Apple Computer on Wednesday made available the FireWire Reference Platform 1.0, a Software Development Kit (SDK) for embedded use in FireWire devices. The development kit is not OS specific, so developers on a variety of operating systems can use it.
The SDK released Wednesday is based on technology obtained from the acquisition of Zayante Inc. by Apple on April 4, 2002. Targeted to device manufacturers, Apple released the kit so developers could add to the variety of peripherals and consumer electronic products available to consumers today.
"What we want to do is enable people to quickly develop new applications for FireWire and take the fear out of FireWire and the software development that goes along with it," Jon Rubinstein, senior vice president Hardware Engineering, at Apple said. "This includes some of the rich capabilities that FireWire has like bus management, configuration, real-time transfer, as well as additional layers of support such as SDP2."
While Zayante used to sell this technology to companies that wanted to make peripherals or electronic products, Apple is giving it away for free. Apple did the same thing when it released an SDK to developers after it adopted the USB standard with the iMac.
Market research firm In-Stat/MDR expects FireWire-based products to grow by 21 percent this year. While digital camcorders and cameras are popular right now, researchers expect the technology to see more exposure as it expands to other consumer electronic markets and the automotive industry. Currently there are over 50 million FireWire-equipped PCs according to Apple.
"There's been an increasing widespread use of FireWire solutions outside of the realm of the Macintosh, lately," said Tim Deal, an analyst with Technology Business Research. "When it comes to digital video, for example, you are not going to download video using USB 2.0 -- cameras are equipped with FireWire and if you do any video editing you will use a desktop or laptop that is FireWire enabled."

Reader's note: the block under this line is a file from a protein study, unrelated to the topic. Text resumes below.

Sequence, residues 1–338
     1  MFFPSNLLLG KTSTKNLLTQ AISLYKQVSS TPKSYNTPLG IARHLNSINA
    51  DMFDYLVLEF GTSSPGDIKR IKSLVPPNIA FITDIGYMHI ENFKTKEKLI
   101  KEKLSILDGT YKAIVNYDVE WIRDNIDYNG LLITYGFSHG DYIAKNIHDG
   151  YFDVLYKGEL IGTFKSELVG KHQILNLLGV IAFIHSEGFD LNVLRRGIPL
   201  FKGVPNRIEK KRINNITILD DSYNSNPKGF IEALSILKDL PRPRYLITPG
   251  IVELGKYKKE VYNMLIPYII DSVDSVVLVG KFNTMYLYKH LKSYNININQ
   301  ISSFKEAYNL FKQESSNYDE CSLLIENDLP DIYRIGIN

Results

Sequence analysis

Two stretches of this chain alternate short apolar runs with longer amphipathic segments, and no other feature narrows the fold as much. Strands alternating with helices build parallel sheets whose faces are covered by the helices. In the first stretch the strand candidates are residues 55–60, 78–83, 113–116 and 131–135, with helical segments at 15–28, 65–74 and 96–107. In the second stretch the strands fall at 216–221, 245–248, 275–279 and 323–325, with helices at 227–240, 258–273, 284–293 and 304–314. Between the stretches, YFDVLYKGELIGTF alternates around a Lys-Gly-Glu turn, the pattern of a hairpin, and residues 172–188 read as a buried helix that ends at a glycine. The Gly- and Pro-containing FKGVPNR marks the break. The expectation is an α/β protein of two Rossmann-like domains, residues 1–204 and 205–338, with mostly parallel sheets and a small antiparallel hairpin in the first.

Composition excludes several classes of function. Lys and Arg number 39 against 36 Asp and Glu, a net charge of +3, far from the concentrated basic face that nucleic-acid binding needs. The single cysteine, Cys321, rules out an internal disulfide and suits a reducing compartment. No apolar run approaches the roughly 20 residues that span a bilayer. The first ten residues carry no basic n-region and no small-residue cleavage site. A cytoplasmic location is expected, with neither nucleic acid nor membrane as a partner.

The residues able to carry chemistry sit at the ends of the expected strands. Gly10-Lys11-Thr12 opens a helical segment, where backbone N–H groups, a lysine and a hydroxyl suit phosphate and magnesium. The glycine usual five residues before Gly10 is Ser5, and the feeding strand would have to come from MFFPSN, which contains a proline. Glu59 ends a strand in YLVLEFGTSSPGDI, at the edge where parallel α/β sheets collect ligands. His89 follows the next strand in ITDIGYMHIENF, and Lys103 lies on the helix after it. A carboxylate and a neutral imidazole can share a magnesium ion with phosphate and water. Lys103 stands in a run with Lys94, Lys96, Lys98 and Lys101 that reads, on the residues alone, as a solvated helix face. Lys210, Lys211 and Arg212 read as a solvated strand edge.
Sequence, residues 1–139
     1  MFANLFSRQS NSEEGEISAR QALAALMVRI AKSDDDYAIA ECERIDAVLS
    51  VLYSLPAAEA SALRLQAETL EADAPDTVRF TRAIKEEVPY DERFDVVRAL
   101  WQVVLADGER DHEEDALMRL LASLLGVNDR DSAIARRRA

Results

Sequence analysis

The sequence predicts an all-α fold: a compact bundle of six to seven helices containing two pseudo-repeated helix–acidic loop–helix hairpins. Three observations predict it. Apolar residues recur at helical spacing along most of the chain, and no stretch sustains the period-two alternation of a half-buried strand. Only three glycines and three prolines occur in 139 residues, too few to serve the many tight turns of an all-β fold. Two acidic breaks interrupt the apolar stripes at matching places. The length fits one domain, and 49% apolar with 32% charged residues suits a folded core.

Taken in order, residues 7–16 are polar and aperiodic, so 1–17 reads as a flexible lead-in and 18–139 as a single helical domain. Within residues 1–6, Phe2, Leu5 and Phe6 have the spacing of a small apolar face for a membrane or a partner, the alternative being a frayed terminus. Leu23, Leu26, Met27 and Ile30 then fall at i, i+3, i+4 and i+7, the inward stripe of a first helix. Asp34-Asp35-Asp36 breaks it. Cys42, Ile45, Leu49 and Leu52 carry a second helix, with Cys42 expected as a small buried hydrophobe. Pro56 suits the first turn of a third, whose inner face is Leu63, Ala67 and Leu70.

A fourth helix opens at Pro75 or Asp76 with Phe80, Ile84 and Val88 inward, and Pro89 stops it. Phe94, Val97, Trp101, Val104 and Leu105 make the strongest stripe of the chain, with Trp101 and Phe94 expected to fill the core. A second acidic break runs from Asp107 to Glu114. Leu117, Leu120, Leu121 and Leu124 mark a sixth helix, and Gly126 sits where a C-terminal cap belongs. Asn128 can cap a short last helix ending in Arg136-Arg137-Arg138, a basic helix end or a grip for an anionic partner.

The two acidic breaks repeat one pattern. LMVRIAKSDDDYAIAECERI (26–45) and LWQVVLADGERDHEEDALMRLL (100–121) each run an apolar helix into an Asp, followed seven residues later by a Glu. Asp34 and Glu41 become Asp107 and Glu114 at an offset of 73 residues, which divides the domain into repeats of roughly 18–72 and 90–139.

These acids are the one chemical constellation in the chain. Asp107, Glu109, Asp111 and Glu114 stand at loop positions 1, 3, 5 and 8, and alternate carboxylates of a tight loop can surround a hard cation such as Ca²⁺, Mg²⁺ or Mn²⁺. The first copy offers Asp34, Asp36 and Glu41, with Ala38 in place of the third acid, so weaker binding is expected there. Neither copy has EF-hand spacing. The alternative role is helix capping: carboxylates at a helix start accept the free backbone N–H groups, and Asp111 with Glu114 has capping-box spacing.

Picking the right technology for the job Apple has been on the leading edge of technology development or adoption for many years. Right now, Apple's machines are equipped with a plethora of technologies that allow them to handle most peripherals and devices on the market today. Ethernet, USB, 802.11b and FireWire come standard on all of Apple's computers -- Bluetooth, with the use of a separate USB device available from Apple, can also be used.
But Apple doesn't choose its technology without knowing where they are going with it; part of Apple's success is picking the right technology and using it the right way.
"It's not just a matter of choosing the technology and putting it on the logic board, but what do you do to make its success grow," said Greg Joswiak, senior director of hardware product marketing at Apple.
"We have a very clear picture of our use for each technology," said Rubinstein. "For example, we see Bluetooth as wireless USB and we see 802.11 as wireless Ethernet, so each technology has a sweet spot for its utilization."
FireWire vs. USB 2.0
The debate about which technology is better -- FireWire or USB 2.0 -- has been going on since USB 2.0 was announced. While most people, including the USB 2.0 and FireWire technology forums, see the standards as complementary, some still see them as competing technologies.
"The only confusion comes from the fact that because the bandwidths are similar some people think that the technologies must be competing with each other. In reality, most people expect them to co-exist," said Jozwiak.
While Deal agrees, he still thinks certain devices will still cause confusion for some consumers in the marketplace.
"There are certain complementary aspects of the technologies, but we are still going to see people in different camps over devices that could be either/or, such as hard drives or MP3 devices," said Deal.
A new version of FireWire will be released in the near future that will double the speed of the technology.
"FireWire b has been ratified and I expect to see that coming soon. FireWire b is actually more efficient, performance is better and it's cheaper -- there's a lot of good things coming shortly from FireWire," said Rubinstein.
Apple would not say when, or even if, they would adopt USB 2.0 in their computers, but they are watching the technology.
"What our customers need to do today is covered by those interfaces [Ethernet, USB, 802.11b, Bluetooth and FireWire]. There isn't a tremendous need we see right now to change that," said Joswiak.